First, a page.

Now, to build a long lasting and beneficial relationship with the media, try the following. (Remember: don’t take anything personally.)

Introduce yourself. Pick up the phone and call. Most likely you’ll get voicemail so have a 15-second message ready. Follow up with an email. Let the reporter know about your expertise in your field. Offer a few story ideas with unusual angles. Most likely you won’t get a response, and that’s okay.

Mind the time. Journalists are always on deadline. Use a direct approach. Stick to a point, and stick to what you know. Return calls and emails quickly. Use first and last names and, when possible, answer Who, What, Where, When, Why without being asked. A deadline is hard and fast. It’s not a target.

Be reliable. Don’t stretch the truth. Don’t spin. Ever. If you don’t know an answer to something, say so. (And, if asked to speculate on rumor or innuendo, do yourself a favor and don’t.)

Help them. You’d be surprised to what extent journalists use the Internet to do their job. Is your Website media friendly? Is there a Press tab? Are key personnel names and contact info readily available? High resolution photos of products and people easily downloadable? A clear and concise write-up on your company available?

Stay in touch. Keep them in the loop. Email is the preferred way; an occasional phone call is okay. Expand your social media. Link one of the reporter’s story you find interesting on your company’s blog. Re-Tweet. Follow the reporter on Facebook. Remember, there’s a thin line between persistent and annoying. Be careful not to cross it.

Nothing too earth shattering, is it? Maybe not common sense, but easy enough. Yet, so many business people are in the dark. Follow the above guidelines, and soon you’ll have a relationship with a local reporter and your name will be in lights.

For more information on building relationships with the media, read Dorie Clark’s piece on the Huffington Post or Abbi Whitaker’s post on Ragan’s PR Daily.

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So You’re in the News, Now What?

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So You’re in the News, Now What?

By AMY MARIE OROZCO

Congratulations! Your company was featured—favorably—on the front page of a large metropolitan daily newspaper. Way to go! You can’t buy publicity like that.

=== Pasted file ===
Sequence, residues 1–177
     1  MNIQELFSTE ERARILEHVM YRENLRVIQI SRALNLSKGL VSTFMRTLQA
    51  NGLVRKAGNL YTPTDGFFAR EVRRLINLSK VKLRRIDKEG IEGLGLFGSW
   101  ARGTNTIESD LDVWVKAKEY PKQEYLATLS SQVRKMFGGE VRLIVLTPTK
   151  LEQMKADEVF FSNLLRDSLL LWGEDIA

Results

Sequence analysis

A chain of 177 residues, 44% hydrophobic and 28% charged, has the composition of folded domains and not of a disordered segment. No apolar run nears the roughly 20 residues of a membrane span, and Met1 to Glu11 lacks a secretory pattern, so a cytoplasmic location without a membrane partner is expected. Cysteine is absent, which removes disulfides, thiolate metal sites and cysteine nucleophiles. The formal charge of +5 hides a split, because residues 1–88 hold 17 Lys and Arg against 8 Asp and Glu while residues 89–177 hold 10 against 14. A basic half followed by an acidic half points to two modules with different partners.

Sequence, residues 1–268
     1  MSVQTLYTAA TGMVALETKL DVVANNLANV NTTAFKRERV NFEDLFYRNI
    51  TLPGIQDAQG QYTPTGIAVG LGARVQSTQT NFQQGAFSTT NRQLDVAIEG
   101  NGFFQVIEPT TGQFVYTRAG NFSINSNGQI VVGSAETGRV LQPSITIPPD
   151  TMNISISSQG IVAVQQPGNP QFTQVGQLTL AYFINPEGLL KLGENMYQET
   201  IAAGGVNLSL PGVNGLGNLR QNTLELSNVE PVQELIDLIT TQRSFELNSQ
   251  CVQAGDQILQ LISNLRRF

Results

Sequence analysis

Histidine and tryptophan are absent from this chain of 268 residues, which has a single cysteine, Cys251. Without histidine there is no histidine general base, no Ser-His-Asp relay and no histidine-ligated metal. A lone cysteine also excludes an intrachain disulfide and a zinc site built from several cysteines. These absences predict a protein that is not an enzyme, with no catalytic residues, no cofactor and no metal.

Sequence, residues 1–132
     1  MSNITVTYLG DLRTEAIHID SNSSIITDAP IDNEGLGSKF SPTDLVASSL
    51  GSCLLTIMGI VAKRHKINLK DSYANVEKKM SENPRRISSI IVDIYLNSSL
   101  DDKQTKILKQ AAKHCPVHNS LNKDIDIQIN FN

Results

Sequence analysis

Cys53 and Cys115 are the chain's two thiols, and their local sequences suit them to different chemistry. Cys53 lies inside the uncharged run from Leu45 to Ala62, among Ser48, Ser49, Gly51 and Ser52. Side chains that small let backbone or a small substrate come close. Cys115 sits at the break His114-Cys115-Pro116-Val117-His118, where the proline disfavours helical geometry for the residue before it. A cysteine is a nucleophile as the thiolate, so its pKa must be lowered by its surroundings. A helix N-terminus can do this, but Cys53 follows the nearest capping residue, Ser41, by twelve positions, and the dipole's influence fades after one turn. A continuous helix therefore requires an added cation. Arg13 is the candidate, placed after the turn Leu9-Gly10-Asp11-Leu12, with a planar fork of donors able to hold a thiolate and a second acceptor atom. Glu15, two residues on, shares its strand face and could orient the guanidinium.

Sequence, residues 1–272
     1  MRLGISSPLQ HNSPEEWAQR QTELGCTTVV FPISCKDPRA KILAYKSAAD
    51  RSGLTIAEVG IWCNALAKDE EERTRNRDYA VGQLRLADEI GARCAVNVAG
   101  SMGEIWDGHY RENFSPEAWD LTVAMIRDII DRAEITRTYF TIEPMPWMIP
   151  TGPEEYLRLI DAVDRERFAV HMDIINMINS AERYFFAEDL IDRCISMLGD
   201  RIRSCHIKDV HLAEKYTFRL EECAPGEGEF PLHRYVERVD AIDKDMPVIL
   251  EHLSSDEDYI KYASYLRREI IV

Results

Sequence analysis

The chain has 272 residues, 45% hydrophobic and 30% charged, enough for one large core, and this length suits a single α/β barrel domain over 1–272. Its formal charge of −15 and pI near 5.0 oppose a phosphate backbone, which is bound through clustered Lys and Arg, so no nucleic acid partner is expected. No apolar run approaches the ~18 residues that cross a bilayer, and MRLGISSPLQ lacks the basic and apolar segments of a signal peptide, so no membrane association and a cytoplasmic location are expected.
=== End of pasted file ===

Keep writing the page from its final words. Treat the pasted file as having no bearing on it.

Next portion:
And the story spun into a 30-second bit on the nightly news? Priceless!

Go and bask in the glory … I’ll give you 5 minutes.

So, now what?

First, I’m going to assume you have covered the operations side of things. Ready for the resulting onslaught of orders. Materials in place. Distribution channels clear and open. Staffing ramped up.

Now, I’m going to tell you how to parlay your 15 minutes of fame into an eternity of publicity. Don’t let this avalanche of good fortune go to waste. Here’s what you must do:

  • Thank the journalists responsible for putting your company’s name in lights. No need for a gift, but a phone call and an email or handwritten note will do the trick.
  • Buy reprints of the newspaper story. Get it in digital form, too. Then create professionally produced reprints. Post the reprint on your Web site, Facebook page, and the rest of your social media.
  • Link to the 30-second news bit to your Web site and all social media.
  • Remember to use SEO and back links to further drive traffic to your company.
  • Share your news with ALL your clients and prospective clients. Copies of the reprint go via snail mail. An email blast or your e-newsletter goes into everyone’s inbox.
  • Think re-purposing and reusing. Did the newspaper article refer to you as an expert in your field? Add that to your list of credentials. Did the newscast recommend your business? Better put that on your Web site.